5) exceeds Presidential powers in that it is contrary to privacy rights, bodily integrity, individual autonomy, religious conscience, and dignity of the employees and covered contractors (under the First Amendment’s Free Exercise Clause, the Fourth Amendment, and the Fifth Amendment’s Due Process Clause); and 
6) fails under the President’s obligation to faithfully enforce laws (under the Separation of Powers and Take Care Clause).

Also, because the field of public health - including vaccines - is within the purview of the State’s governance, the federal EO 14042 is violative of the State’s sovereignty. The State therefore calls the EO 14042 mandate “patently unfair, clearly devoid of common sense, and manifestly unlawful,” as well as “dangerously Un-American.”

Regarding the APA, the lawsuit challenges that EO 14042 fails due to the lack of a nexus between the mandate and a delegation of the requisite legislative authority granted by Congress under the APA. Further, the APA lacks any language that would give the executive (the President) the power to impose a vaccine mandate.   

Plaintiffs also assert that EO 14042 violates the PPA because it was not published in the Federal Register for public comment. Because of the sweeping national nature of EO 14042, it qualifies as both a procurement policy and procedure under 41 U.S. Code § 1707(a) and, as such, must be published and a 60-day public comment period allowed.

The suit seeks declaratory and injunctive relief.

The State of Texas Challenges the HHS's CMS COVID-19 Vaccine Mandate

State of Texas v. Becerra, et al., 2:21-cv-00229-Z

Nov. 14, 2021

U.S. District Court, Northern District of Texas

On November 15, 2021, the State of Texas sued the federal government, challenging the CMS Interim Final Rule (the CMS mandate). The CMS COVID-19 vaccine mandate applies to all health care workers employed at health care facilities that receive Medicare and Medicaid funding. 

The suit asserts that the CMS mandate threatens the health of all Texans, citing devastating effects that mandatory vaccination will have on rural Texas communities, adding to the already existing health care workforce shortages. The State alleges that even the loss of a few staff members due to resignations or terminations would be catastrophic and result in the loss of many health care services. 4.9 million Texans who receive services from the fifteen categories of Medicare and Medicaid-certified health care providers and suppliers covered by the CMS mandate will be affected.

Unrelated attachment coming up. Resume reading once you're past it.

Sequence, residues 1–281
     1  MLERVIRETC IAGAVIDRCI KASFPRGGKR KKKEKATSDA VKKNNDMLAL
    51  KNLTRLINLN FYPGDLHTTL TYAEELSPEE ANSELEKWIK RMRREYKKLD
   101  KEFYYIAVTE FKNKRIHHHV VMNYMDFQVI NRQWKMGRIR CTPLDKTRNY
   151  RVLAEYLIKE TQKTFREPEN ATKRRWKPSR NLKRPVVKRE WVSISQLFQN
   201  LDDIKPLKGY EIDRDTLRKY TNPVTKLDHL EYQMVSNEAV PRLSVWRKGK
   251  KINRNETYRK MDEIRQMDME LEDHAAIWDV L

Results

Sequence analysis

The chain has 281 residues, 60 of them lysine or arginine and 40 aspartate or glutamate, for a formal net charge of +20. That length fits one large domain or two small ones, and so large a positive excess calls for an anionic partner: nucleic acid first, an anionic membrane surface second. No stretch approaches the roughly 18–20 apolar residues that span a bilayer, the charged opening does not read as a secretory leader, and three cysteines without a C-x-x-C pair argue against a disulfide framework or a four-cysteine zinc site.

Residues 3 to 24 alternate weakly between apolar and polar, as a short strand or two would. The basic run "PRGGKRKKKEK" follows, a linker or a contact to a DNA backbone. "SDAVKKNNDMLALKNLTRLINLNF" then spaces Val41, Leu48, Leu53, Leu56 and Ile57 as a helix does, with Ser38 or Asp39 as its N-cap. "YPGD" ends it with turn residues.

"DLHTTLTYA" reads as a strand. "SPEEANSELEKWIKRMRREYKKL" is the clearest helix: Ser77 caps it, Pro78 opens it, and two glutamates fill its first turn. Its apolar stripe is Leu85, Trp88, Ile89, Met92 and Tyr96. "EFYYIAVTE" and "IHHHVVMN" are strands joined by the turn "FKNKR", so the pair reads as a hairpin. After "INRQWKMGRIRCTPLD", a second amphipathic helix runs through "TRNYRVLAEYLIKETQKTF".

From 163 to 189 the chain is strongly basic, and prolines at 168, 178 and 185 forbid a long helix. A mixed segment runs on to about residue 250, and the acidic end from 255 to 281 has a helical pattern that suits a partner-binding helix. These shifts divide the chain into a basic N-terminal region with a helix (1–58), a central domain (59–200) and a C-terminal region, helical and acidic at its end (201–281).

The State claims the CMS mandate is violative of the Tenth Amendment and Art. I, Section 1 of the U.S. Constitution (the non-delegation doctrine), in that the legislature did not delegate the authority to HHS or CMS to establish vaccine requirements. 

The suit further asserts violations of the Administrative Procedures Act (APA) due to the lack of a notice and comment period prior to the implementation of a major rule. CMS’s claim of urgency to promulgate the rule is undermined both by hard data showing a downward trend to COVID deaths and hospital admissions and by the fact that CMS waited 11 months after vaccine availability to announce the rule. The State also asserts that CMS’s failure to provide notice and comment violates the Social Security Act’s (42 U.S.C. 1395hh) procedural rule-making requirements. 

Additionally, 42 U.S.C. 1395z requires that the HHS Secretary “consult with appropriate State agencies and recognized national listing or accrediting bodies” when “carrying out his functions, relating to determination of conditions of participation by providers of services…”. Since CMS did not consult with any state agencies prior to issuing the CMS mandate, it’s promulgation of the mandate is not lawful.

Texas alleges, further, that under 42 U.S.C. 1302(b)(1) CMS is required to prepare a regulatory impact analysis and it failed to do so. Since the CMS mandate will have significant effects on smaller rural hospitals and facilities, CMS must study its impacts.

The Complaint also alleges that CMS’s actions in promulgating the rule are not reasoned decision-making and are arbitrary and capricious, since it failed to fully consider the economic impacts on the healthcare industry, where labor force issues are concerned, and the financial impacts to healthcare workers who will lose their jobs. The actions do not provide for testing in lieu of the vaccines; refuse to provide exemptions for COVID recovered employees with natural immunity; disregard the costs of the Mandate to States and their agencies; reject the disparate impacts that the CMS mandate will have on minority and economically-disadvantaged communities, and; ignore important healthcare data.